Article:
Monday, December 15, 2008
Thursday, December 11, 2008
Thursday, December 4, 2008
That thread was then divided and the bride tied it to the groom's wrist (with a piece of turmeric), who then tied the other thread to her wrist.
I also found it amusing to notice that two of the priests retrieved their mobile phones stuck in the the belt of their dhotis a few times to check for SMSs.
As usual, I was moved and grateful to find everyone so happy and eager to not only welcome me, but also to fill me in with bits of informations about their immensely rich and diverse culture. In spite of that, I left feeling that I could well spend the rest of my life here, and still have everything to discover.
Which is just fine...
Sunday, November 30, 2008
Thank you to all those who participated in our feature "Where in the World is Amadi?" Again, we wrote all the names on pieces of paper and the lucky winner drawn by Amadi is... Jio, in Japan.
Saturday, November 29, 2008
And now, I'm excited to show you a second movie shot in Yola by Ramesh Raparthy, our Film Instructor at the New American University of Nigeria who comes from Hyderabad, in India (still haven't gotten over that one).
As mentioned before during this tour, Internet connexions in Nigeria are terribly slow and unreliable at the best of times. This means that getting the material to me required massive doses of dedication and patience on the part of all the persons involved in the process. Until yesterday afternoon, I didn't know whether I would receive this movie on time, and then, I didn't know whether I would be able to share it here, because the file was so big. But it's here. Thank you, Ramesh, Amulya, Martha, and all those whose name I don't know who helped make this possible. Thank you also to Sarah and Toni, in the U.S. who worked late into the night to email me the link. Again, this has been a collaborative effort, and I'm so grateful to all of you. Enough said, now. Enjoy...
Friday, November 28, 2008
Yesterday, I mentioned the difficulties that our friends in Nigeria were experiencing as they tried to email me the movie they've made for our tour. As it turns out, they've been without electricity for the past two days, as both generators at the New American University of Nigeria in Yola broke down. They finally managed to send me the file and I have seen it, but now, we have another technical problem : it is too big to be posted here, on Blogger, which doesn't allow files over 100 MB. It is a short movie of less than three minutes, and I still hope to be able to show it tomorrow, but as things are, I need to upset my schedule again. As luck would have it, our next guest blogger already has her post up, so, I'm happy to direct you to the blog of author Uma Krishnaswami who also happens to be my favorite teacher in the whole wide world, and a faculty at the MFA in Writing at the Vermont College of Fine Arts. She has an interview with... AMADI himself. Find it at Writing with a Broken Tusk.
And now, I thought I'd show you some of the snowmen drawn by the children.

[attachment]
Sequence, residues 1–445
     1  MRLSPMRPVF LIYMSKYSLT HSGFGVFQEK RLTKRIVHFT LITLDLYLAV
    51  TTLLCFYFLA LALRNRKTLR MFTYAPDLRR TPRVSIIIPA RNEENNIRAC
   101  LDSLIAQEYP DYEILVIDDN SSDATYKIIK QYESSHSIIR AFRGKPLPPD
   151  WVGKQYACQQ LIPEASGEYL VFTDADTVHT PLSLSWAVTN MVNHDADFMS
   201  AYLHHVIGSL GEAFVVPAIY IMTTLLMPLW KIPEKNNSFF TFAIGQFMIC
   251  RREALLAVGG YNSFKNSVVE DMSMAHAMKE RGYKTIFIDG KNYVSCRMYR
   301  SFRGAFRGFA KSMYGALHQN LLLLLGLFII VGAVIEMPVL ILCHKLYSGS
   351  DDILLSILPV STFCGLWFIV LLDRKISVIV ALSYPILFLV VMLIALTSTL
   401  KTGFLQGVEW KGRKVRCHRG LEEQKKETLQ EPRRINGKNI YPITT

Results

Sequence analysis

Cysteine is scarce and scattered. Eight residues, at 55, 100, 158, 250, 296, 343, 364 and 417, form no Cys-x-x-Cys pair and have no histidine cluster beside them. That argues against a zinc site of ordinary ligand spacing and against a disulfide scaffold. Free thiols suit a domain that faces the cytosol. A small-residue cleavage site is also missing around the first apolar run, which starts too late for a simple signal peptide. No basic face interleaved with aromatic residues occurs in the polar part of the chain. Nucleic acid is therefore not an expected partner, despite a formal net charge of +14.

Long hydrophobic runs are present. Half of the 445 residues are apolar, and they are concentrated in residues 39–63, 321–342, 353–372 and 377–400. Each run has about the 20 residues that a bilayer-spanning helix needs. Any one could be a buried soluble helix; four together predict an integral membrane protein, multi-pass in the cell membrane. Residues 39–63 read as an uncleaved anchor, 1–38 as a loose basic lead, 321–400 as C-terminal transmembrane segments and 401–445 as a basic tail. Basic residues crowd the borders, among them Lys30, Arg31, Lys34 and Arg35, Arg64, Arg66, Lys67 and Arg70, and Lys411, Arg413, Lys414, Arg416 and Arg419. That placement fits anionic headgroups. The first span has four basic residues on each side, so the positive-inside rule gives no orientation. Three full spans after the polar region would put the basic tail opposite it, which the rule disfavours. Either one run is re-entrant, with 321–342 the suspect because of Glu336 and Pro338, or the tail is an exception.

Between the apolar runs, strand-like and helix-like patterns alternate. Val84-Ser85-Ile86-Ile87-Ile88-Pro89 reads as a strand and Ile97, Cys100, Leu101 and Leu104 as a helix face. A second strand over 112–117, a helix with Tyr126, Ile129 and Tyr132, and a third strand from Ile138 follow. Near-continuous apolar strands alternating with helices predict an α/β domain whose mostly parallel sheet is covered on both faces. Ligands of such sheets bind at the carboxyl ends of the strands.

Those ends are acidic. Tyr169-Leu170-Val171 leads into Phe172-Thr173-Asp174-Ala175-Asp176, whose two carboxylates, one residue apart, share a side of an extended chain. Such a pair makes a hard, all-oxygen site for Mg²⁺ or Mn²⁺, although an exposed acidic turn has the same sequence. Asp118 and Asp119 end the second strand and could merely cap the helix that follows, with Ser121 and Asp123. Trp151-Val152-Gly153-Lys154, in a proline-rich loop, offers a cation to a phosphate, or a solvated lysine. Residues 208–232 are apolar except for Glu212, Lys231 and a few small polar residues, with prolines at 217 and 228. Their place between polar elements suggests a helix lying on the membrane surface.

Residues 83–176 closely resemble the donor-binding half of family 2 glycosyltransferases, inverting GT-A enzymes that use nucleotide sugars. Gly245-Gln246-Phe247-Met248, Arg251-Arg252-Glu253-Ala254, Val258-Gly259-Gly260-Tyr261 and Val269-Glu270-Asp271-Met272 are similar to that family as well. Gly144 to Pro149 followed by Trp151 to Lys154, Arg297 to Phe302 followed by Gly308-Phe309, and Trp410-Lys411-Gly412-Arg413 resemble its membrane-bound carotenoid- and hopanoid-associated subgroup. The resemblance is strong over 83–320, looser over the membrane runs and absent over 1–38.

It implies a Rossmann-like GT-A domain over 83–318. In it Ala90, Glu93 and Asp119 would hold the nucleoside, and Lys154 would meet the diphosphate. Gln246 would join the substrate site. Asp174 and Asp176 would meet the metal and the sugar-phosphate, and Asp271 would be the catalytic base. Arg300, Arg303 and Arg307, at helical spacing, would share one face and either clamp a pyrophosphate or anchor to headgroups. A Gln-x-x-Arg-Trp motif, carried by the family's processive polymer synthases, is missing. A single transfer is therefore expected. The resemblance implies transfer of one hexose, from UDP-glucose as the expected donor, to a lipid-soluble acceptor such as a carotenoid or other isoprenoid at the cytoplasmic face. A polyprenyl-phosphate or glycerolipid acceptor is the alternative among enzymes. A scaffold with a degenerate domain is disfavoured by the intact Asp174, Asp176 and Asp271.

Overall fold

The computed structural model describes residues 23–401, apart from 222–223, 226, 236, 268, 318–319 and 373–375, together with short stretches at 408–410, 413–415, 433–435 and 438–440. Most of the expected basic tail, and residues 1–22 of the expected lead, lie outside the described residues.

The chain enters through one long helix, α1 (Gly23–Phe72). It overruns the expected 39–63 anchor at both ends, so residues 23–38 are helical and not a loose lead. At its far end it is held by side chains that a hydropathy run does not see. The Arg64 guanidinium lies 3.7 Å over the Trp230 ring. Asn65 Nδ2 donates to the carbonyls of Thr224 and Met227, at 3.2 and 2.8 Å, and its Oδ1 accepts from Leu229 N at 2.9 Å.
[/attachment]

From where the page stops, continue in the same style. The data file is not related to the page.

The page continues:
WHERE IN THE WORLD IS AMADI?
Thursday, November 27, 2008
"My world travels began when I was two, paused when I was twenty-four, and resumed twenty years later. In the early 2000s, I’d been in Nigeria all of two weeks when a group of Nigerian educators asked me how they could start a “reading culture” in their country. “In America,” one said, “you have a reading culture. If Nigeria is going to solve her problems, we need to have one too.”
I began to mull. What elements do have to be in place before a reading culture has a chance?
Books, I decided.
Not long after, I was interviewed on a Ugandan radio program, along with the president of the local International Reading Association branch and a local publisher. I was asked again. How does a country develop a reading culture?
I’m no literacy expert. I was in Nigeria and Uganda doing author visits, and, as the author of 27 children’s books, the only thing I’m an expert in (if that) is the writing of fiction. But I started with thinking how my five siblings and I became readers.
Our mom was key. We saw her passion for books and words, which matched our father’s love of telling and acting out stories. She taught us all to read—and gave us books every Christmas. Every birthday.
Since I grew up in Maji, Ethiopia, in a place with no bookstores…in fact, with no stores of any kind…I recently, I asked my mom where the books came from, each with its delicious promise of adventure to be licked up, savored, and swapped. She told me that shortly before leaving for Ethiopia, she read an article by a librarian, published in a women’s magazine: “One Hundred Best Books for Children.” So! A librarian was behind the literature that shaped my love of books.
Many a reader can say the same.
After more thinking, I decided books aren’t the sole necessary ingredient for a reading culture. Organizations have donated books to schools in places like Ethiopia, for instance, only to discover the books, a non-renewable resource, have been locked up. And how does reading spread from something that’s done by a few educated elite people to the homes and schools of scruffy families—like those my parents grew up in?
One clear answer is libraries. In the United States, libraries in homes and schools not only provide a chance for wide literacy, they are also buyers of children’s books and a big reason why the economics of book publishing sometimes work. The more I thought about all of this, the more I realized that everyone who was asking me, “How can we plant a reading culture?” probably needed to be asking, “How can we plant libraries?”